For the past five years, Cultural Action Party of Canada have been publishing articles focused upon critical, yet under-exposed, aspects of Canadian politics.
Since Justin Trudeau became Canadian prime minister in October, 2015, ethnic-oriented politics have skyrocketed in terms of social relevance.
Much of the reason why PM Trudeau has a lock on governance in 2021 is related to the Liberal Party-Third World community dynamic. In basic terms, Trudeau’s Liberals own this area. When looking at Greater Toronto Area(GTA) political victories in the 2019 federal election, the Liberals won 45 out of 55 seats.
Much of the reason is found in the 3rd World political power base created through immigration policy. It is interesting to note how little establishment media expose such a critical component of contemporary politics.
Even less understood by the public is the area of our Liberal government’s relationships with multicultural not-for-profit organizations.
Without question, the runaway leader in terms of influence upon Canada’s ruling government is the Nation Council of Canadian Muslims. Keeping in mind a distinction between exposure of this non-profit’s influence, and the idea that CAP is hereby condemning “all Muslims” in Canada, we offer the following.
In their 2019 Federal Election Policy Guide, NCCM recommended the following to government:
“Launch a parliamentary study on regulating social media companies to prevent online hate, the promotion of violence, and the spread of misinformation on social media platforms.”
In January 2021, Canadian Heritage Minister Steven Guilbeault announced “there will be a new regulator that will implement the new rules and monitor hate speech,”.
In a letter to PM Justin Trudeau in late 2020, NCCM called upon the Trudeau government to “establish a national action plan on dismantling white supremacist groups.”
In February, 2021, the Liberal government designated the Proud Boys, a key player in the white supremacist movement, a terrorist organization.
“Over the years we at NCCM have worked shoulder-to-shoulder with community organizations to call for a National Day of Remembrance of the Quebec City Mosque Attack and Action Against Islamophobia.”
On January 29, 2021 the Trudeau government established a National Day of Remembrance of the Quebec City Mosque Attack and Action Against Islamophobia.
Insight into this relationship is found in the written output of National Council of Canadian Muslims themselves:
“NCCM frequently publishes position briefs and reports on public policy matters and appear before parliamentary and legislative committees to present these perspectives to Members of Parliament, Senators and other legislative bodies. We also hold policy forums to amplify the Canadian Muslim voices at all levels.”
No matter what one’s political perspective, an observation remains crystal clear: what is being articulated by NCCM constitutes serious political power and influence–by their own admission.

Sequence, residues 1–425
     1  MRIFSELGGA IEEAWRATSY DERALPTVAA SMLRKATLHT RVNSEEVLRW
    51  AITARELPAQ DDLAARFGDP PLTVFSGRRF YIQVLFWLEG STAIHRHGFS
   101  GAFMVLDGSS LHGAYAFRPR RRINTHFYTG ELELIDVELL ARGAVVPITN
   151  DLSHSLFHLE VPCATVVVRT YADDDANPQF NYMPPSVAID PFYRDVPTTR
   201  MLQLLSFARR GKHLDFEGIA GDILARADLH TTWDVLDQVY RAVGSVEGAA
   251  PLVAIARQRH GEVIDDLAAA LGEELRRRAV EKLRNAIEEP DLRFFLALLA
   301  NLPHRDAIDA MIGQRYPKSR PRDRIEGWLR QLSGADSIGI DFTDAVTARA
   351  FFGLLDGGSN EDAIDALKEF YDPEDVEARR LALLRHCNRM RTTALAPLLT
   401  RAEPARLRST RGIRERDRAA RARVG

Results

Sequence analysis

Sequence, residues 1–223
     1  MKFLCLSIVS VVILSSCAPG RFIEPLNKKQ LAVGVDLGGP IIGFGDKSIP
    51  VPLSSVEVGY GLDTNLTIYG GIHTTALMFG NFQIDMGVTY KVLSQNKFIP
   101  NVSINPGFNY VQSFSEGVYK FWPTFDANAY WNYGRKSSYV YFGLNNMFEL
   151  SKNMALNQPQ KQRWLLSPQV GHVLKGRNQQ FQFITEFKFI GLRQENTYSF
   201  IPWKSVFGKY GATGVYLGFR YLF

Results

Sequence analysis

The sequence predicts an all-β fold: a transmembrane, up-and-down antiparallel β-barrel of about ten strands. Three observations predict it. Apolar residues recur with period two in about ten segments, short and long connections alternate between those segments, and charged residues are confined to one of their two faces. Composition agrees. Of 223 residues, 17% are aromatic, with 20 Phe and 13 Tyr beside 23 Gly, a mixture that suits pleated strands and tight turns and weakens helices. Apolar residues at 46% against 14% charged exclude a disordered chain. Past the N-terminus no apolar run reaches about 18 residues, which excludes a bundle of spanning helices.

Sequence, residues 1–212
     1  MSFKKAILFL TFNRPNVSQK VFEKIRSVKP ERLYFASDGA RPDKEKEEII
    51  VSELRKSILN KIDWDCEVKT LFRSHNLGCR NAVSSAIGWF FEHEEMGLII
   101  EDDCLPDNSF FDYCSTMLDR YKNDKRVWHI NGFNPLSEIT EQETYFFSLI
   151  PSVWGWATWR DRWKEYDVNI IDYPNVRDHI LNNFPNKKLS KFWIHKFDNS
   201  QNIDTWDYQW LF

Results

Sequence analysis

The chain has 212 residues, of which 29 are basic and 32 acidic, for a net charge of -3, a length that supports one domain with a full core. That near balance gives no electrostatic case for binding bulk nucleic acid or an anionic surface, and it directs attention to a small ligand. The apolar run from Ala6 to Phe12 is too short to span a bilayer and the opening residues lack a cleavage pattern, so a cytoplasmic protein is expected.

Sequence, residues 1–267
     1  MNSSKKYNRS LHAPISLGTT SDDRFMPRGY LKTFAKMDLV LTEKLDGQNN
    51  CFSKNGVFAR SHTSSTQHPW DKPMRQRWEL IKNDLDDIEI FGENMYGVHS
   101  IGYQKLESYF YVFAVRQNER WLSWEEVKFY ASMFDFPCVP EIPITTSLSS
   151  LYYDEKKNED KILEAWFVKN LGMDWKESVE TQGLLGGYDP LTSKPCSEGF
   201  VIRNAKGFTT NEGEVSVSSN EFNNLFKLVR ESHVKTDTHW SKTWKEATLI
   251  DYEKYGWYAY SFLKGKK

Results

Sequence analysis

CAP wonder to what degree other religious communities compare. It is more than reasonable to state that Christian-Canadian non-profits cannot hold a candle to NCCM’s influence upon government. To compare is, in fact, an absurdity.
Naturally, it takes skill and effort to establish a power path to the highest levels of government. The catalyst for this accomplishment is something referred to as “M103”— the so-called “Islamophobia” motion passed by the Liberals in March, 2017.
National Council of Canadians Muslims recommend “all members of parliament support Motion 103 tabled by Iqra Khalid, Member of Parliament for Mississauga-Erin Mills.”
M103 was driven by Iqra Khalid, Liberal member of parliament for Mississauga, Ontario, in collaboration with NCCM. Upon formal acceptance, advocates branded its success as “not good enough.”
According to the National Post, of the 30 recommendations, “only one other specifically mentions Islamophobia.” In the meantime, the M103 anti-racism motion is devoid of references to any religious communities in Canada apart from Islam.
CAP Observation: Since day one, Prime Minister Justin Trudeau has preached ethnic and religious equality within Canadian society. His motivation is sourced from father Pierre Trudeau’s Charter of Rights and Freedoms(1982).
In 1988, government passed the Multicultural Act of Canada. Both pieces of legislation were created to establish equitability among Canada’s pluralist communities.
CAP can’t help but wonder where the equality is found with the so-called “multicultural” ethos in the Trudeau-Liberal-NCCM relationship.
Rather, what can be observed is blatant favouritism as advanced by the ruling Liberals. Interesting that the rise in this political dynamic coincided with Trudeau’s election as prime minister on October 21st, 2015.
Will CAP now be branded as racist, bigoted and xenophobic upon publication of this article? If so, it will be far from the first time.
— Brad Salzberg, CAP Founder(est. 2016).